Second, sports have rules for the precise purpose of ensuring a "fair fight." By the Judds' logic, a heavyweight boxer would achieve something heroic by pounding on scores of featherweights. Mike Tyson, call your office.

Third, David, Arthur, and Robin Hood all achieved heroism in the fight against evil. When smiting the bad guys, there is no such thing as an unfair advantage. But heroism in sports is not a battle of good against evil (unless the Steelers and the Raiders are playing). Heroism in sports is defined by the struggle of man against himself -- against the inherent difficulty of physically demanding tasks. This heroism inheres in winning the battle against your own weakness and frailty, time and time again. When man changes himself through the use of performance-enhancing drugs, he has changed the terms of the struggle. He has, in effect, slipped his opponent a Mickey.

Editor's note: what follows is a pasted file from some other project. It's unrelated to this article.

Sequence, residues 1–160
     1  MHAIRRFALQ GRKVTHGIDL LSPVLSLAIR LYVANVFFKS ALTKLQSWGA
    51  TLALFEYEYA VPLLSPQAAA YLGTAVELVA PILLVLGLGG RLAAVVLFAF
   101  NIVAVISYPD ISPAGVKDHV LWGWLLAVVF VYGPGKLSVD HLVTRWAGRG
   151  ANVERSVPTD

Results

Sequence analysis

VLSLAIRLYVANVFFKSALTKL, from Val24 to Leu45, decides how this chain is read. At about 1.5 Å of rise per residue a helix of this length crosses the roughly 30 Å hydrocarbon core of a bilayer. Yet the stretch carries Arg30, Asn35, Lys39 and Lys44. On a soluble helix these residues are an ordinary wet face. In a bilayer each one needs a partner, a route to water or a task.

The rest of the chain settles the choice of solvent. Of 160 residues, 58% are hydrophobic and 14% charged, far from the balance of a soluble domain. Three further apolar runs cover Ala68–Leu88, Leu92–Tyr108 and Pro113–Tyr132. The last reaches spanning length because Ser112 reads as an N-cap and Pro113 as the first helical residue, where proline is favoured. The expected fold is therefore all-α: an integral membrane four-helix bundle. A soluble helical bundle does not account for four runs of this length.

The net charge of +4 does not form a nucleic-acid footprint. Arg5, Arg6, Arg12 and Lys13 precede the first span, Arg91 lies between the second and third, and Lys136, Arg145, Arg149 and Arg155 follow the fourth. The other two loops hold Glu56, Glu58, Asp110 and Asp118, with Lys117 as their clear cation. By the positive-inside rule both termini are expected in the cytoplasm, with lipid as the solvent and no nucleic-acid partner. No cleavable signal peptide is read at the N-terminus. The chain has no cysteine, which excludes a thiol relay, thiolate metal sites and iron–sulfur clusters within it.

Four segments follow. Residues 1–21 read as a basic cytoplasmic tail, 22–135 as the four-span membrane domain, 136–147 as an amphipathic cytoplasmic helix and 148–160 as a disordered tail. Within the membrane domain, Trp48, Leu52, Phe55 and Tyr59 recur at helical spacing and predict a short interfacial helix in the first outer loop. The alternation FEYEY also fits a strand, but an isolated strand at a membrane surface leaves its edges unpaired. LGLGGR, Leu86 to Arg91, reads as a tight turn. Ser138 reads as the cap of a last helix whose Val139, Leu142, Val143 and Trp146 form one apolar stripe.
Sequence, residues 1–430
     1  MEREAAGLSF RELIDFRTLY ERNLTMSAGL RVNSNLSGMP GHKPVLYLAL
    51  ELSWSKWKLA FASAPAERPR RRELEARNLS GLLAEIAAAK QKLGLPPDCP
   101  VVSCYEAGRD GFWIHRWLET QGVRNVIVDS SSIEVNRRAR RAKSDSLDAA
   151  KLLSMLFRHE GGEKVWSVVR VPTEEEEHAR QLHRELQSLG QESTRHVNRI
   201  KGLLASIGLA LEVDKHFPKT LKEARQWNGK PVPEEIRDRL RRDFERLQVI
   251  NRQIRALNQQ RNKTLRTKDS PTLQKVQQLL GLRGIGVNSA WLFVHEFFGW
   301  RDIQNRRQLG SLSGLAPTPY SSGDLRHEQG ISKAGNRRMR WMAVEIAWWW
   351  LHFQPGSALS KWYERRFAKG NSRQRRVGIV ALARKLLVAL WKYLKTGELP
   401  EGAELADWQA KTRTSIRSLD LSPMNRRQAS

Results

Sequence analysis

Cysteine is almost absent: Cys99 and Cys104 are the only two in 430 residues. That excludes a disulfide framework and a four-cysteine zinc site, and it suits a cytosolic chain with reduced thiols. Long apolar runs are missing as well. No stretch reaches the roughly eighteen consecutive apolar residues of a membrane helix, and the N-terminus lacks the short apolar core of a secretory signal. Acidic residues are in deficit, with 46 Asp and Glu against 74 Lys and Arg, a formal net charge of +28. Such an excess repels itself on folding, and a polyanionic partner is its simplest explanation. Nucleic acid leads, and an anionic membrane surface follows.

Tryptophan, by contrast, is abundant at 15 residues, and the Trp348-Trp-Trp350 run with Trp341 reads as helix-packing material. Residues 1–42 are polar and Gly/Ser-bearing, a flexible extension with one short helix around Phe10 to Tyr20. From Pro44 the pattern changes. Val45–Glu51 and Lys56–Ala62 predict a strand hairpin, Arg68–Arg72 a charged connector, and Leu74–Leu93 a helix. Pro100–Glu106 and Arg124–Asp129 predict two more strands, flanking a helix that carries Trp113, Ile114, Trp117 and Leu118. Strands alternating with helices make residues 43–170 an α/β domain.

Nothing is heroic unless it pushes the limits of what men can do. When artificial modifications change those limits, they necessarily dilute the quality of heroism. And if sports only offer diluted heroism, we may as well play MVP Baseball 2005 in our living rooms. If we must watch artificial men, we may as well give our thumbs a workout.

It's true that superior technology, science, and psychology have given contemporary athletes huge advantages over their forebears -- advantages comparable to the advantages that performance-enhancing drugs yield. Imagine what Babe Ruth might have accomplished with modern sneakers, Nautilus machines, and Sabermetric analysis! But these innovations don't change an athlete intrinsically; they only make it easier for an athlete to realize his full potential. By contrast, performance-enhancing drugs change the very boundaries of that potential.